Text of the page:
Are 12-Hour Shifts Safe?
When nurses switch to 12-hour shifts, I wonder if back injury claims increase. Nurses and nurse assistants literally do the heavy lifting in hospitals, and patients aren’t getting smaller. Forcing fifty- and sixty-something people with a lifetime of cumulative spinal stress to lift an extra four hours a day seems foolhardy.
The question was recently asked in an Advance forum with mixed opinion, although I sense most feel 12-hour shifts are less safe. One respondent replies that 8-hour shifts are “safer for the patients because their caregiver is more rested and alert.” It is still all about the patient, isn’t it?
A National Institute for Occupational Safety and Health (NIOSH) study quantifies the general risk of accidents relative to 8-hour shifts as 13% higher for 10-hour shifts and 27.5% higher for 12-hour shifts. There is greater risk (18.3%) into afternoon and (30.4%) night shifts, with increasing risk on successive night shifts (6%, 17%, and 36%). More breaks do not necessarily decrease the risk. NIOSH concludes “the risk of an incident associated with long work hours may be influenced more by the precise work schedule, including the length and timing of the duty periods, and the provision of breaks, than by just the accumulated working hours.”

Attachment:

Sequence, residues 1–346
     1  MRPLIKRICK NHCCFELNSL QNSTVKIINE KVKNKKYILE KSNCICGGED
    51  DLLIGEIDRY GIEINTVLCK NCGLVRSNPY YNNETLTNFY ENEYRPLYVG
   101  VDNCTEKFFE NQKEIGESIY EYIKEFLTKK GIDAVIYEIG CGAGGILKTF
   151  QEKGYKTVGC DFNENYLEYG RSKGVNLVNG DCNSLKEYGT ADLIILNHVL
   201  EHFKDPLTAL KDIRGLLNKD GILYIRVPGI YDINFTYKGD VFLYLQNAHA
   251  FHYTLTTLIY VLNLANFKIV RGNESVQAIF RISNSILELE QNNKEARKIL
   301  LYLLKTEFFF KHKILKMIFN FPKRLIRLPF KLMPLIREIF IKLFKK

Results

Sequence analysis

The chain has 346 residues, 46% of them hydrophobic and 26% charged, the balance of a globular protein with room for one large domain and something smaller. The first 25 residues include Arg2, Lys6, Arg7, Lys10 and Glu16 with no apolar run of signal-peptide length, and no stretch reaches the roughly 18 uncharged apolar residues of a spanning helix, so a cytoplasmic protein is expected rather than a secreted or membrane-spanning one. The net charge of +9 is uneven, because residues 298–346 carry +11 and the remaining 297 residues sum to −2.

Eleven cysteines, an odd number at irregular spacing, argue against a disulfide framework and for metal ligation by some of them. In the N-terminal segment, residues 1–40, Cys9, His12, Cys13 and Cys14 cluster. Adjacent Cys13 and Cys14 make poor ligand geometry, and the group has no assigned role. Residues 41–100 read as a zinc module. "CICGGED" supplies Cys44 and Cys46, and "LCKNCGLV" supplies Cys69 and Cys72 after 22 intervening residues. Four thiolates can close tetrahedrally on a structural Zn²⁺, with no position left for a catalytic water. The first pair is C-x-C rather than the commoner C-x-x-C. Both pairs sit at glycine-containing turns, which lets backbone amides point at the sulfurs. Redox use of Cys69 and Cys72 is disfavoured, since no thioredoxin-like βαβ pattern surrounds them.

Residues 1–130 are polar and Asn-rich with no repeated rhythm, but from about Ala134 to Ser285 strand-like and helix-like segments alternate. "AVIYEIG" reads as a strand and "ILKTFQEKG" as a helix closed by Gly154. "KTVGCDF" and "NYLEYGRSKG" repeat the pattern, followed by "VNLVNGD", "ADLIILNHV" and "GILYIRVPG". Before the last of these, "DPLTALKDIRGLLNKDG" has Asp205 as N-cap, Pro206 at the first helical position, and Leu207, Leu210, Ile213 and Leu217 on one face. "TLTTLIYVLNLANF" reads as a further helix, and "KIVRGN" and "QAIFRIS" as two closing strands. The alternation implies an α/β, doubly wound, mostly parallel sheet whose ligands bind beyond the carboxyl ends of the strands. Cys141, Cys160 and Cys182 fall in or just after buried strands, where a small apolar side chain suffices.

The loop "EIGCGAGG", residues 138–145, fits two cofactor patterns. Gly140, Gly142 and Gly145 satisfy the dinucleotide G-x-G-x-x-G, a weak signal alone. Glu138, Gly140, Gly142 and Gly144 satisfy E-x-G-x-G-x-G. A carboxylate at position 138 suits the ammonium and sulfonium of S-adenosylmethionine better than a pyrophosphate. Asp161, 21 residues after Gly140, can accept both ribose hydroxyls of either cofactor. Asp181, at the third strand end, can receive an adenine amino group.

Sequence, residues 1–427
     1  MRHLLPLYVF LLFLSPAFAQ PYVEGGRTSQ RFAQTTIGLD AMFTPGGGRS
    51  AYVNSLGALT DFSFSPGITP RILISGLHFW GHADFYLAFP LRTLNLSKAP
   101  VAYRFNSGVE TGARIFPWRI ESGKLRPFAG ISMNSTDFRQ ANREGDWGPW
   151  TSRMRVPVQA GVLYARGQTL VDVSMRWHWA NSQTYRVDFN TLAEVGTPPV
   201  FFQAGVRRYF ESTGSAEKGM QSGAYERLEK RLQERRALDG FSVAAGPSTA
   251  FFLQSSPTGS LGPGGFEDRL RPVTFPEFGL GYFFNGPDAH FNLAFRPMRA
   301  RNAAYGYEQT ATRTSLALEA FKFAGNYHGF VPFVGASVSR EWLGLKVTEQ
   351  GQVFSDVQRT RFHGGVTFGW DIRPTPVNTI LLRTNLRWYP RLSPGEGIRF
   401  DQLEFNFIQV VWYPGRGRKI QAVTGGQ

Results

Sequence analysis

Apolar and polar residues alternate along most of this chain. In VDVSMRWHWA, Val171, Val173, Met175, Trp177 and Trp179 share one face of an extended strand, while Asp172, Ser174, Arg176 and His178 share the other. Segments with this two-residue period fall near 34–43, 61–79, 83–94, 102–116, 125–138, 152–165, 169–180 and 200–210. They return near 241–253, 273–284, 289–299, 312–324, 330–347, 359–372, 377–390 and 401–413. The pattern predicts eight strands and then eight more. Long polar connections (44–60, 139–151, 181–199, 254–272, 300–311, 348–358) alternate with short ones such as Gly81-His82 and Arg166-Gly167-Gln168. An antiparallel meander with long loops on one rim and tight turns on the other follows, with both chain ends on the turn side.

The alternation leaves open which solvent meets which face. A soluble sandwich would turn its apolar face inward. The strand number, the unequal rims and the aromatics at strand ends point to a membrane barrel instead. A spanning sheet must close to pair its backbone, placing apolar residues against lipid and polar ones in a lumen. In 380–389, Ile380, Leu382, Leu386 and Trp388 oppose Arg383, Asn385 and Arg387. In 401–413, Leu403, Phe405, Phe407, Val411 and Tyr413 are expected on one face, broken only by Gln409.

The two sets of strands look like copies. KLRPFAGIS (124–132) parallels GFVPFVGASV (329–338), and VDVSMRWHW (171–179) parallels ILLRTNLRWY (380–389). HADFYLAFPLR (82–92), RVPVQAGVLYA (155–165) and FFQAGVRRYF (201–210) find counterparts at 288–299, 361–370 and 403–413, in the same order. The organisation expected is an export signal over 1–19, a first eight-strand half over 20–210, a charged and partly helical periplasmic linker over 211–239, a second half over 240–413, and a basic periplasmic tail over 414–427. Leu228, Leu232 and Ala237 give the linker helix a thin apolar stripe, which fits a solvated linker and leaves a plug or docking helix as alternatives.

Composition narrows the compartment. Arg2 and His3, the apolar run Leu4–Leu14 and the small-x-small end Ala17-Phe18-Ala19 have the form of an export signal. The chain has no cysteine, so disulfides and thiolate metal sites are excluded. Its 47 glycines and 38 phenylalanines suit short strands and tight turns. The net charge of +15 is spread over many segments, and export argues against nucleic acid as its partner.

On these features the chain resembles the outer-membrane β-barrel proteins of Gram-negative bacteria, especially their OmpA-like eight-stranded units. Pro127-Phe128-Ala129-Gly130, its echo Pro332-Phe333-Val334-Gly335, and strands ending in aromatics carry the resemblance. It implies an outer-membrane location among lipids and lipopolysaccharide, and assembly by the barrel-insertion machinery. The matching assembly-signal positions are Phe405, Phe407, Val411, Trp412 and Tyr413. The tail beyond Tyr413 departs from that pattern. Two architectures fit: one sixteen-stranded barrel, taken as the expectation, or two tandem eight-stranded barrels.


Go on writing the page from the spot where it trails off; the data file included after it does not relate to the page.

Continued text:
This suggests effects of scheduling can be predicted with modeling. Switching to 12-hour shifts increases the relative risk of accident (physical or otherwise), which can be measured.
An organization using 12-hour shifts as a recruitment strategy can also apply fitness screening. At the end of a long day alertness and problem-solving abilities decrease, and blood pressure and sense of fatigue increase. The older the worker, the more likely he or she is to become exhausted and prone to serious errors.
Of course, if short staffing is the perceived reason for 12-hour shifts, periodic risk assessments may give way to “wait and see.” Maybe there will be more accidents, or maybe all the extra days off will let the nurses rest. Ditto for labs.